In Logic 23 a postulate is put forward which could be easily passed over without realizing its importance. The postulate is: The human mind and inventions of the human mind are capable of resolving any and all problems which can be sensed, measured or experienced directly or indirectly.
This is a very bold statement. How many times in the past have we been told that some problem is unsolvable or that man will never understand some area of knowledge? This postulate shoots an arrow straight into the heart of the superstition, apathy and excuses which need to justify themselves by saying man will never know or will never resolve some mystery. It lays bare the intentions of the high priests of ignorance who wish to rule and profit from the currency of unknowingness in their pathetic kingdoms. It is also a direct attack on those who use the "you can never solve this problem" idea to trap men in lives of economic and social slavery.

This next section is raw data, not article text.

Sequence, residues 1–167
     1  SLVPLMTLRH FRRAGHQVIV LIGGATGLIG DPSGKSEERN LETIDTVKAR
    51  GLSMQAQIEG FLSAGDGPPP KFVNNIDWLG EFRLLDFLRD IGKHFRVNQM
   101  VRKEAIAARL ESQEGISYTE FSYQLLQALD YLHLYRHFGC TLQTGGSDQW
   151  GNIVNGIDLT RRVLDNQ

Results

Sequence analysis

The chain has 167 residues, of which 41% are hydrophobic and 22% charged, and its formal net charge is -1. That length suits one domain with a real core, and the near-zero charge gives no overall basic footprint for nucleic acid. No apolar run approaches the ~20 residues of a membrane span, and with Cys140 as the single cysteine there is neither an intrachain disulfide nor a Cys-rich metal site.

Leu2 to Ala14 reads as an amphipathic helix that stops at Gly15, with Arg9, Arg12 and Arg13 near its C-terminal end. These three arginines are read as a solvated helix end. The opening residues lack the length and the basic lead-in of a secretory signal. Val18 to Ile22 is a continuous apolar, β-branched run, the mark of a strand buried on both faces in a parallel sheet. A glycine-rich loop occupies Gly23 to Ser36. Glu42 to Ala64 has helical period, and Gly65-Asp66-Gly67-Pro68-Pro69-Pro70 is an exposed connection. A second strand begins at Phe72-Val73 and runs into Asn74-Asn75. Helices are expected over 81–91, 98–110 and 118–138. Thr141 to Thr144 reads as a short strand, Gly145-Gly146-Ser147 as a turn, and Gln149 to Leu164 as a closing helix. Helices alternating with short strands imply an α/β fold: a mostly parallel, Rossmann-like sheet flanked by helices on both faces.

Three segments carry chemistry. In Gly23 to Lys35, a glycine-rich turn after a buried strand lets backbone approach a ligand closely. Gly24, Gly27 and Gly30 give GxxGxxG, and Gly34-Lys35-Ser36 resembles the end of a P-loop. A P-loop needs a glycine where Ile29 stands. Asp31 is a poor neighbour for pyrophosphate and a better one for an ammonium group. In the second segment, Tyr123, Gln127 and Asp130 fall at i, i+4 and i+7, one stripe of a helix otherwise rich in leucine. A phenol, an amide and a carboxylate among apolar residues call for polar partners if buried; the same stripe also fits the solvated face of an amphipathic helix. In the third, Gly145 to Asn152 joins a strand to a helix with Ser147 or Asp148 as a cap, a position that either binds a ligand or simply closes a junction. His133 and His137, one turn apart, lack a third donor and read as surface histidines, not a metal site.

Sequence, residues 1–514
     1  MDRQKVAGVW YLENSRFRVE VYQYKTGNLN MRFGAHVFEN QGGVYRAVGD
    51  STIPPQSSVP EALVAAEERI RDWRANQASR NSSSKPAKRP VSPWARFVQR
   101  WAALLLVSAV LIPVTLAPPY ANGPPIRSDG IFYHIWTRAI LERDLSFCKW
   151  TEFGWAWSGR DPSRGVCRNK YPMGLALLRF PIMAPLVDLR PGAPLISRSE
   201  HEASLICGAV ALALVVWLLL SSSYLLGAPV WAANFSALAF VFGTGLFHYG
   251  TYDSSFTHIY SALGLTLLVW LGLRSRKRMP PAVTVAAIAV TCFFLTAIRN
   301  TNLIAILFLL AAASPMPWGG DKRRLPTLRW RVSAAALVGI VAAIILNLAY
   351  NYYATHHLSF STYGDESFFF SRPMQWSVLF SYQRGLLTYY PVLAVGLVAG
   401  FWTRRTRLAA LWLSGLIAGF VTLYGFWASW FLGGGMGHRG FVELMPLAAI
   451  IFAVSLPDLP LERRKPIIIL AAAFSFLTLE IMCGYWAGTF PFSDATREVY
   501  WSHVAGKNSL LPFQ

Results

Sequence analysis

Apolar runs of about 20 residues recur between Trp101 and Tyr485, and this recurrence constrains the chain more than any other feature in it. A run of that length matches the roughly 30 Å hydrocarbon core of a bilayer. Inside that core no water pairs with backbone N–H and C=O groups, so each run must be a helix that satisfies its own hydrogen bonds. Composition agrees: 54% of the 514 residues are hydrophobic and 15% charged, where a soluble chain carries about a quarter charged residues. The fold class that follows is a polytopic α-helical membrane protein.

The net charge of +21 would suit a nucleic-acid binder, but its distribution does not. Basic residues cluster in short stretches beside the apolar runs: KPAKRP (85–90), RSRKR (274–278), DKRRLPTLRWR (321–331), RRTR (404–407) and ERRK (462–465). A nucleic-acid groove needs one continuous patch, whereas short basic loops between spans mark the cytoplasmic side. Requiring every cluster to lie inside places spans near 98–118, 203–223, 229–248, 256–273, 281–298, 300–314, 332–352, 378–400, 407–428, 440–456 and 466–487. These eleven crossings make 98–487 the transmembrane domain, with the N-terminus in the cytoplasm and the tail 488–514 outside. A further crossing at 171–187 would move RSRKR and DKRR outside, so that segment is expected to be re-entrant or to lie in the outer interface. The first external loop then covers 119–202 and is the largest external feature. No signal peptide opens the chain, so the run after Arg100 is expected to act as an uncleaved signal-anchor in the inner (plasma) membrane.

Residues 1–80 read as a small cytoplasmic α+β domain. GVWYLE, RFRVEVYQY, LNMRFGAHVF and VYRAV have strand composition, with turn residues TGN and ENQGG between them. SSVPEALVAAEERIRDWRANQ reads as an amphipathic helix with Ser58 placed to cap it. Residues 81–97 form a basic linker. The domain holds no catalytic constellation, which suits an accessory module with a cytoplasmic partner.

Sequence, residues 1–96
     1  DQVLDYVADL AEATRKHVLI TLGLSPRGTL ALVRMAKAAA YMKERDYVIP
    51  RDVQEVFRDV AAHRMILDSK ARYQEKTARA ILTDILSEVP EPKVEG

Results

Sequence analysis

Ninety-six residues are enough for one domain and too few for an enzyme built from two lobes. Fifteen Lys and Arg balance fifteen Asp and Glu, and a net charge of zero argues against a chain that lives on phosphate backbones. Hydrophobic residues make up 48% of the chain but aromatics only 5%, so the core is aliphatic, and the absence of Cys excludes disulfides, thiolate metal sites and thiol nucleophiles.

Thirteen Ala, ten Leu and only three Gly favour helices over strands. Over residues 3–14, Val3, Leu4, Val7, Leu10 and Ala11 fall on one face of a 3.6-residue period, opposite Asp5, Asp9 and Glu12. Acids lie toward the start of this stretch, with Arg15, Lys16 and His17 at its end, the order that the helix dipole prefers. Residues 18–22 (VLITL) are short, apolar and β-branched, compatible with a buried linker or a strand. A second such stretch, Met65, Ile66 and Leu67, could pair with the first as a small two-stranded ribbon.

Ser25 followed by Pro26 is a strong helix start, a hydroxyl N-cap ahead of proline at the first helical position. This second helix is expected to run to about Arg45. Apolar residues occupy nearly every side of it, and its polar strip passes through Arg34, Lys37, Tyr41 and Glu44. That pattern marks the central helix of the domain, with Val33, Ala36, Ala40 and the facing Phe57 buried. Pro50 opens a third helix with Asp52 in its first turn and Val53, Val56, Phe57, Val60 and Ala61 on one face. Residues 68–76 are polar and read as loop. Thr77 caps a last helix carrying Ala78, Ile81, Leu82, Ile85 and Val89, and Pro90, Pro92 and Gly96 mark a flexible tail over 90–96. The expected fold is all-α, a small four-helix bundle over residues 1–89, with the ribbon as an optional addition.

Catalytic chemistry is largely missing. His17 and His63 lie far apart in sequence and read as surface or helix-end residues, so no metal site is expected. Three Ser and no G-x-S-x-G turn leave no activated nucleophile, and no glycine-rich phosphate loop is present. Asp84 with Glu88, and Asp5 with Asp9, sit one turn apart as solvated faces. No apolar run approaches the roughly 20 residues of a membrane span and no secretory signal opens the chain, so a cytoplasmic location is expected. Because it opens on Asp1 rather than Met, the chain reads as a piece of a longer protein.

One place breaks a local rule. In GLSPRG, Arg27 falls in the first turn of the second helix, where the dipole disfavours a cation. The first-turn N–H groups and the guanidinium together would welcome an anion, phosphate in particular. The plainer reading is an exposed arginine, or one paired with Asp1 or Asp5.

The human mind and inventions of the human mind are capable of resolving any and all problems which can be sensed, measured or experienced directly or indirectly. I don't know if this is the first time in the field of philosophy that someone has said that man can know and can solve any problem he can be aware of, but I think it is the first time it has been stated so boldly and unequivocally.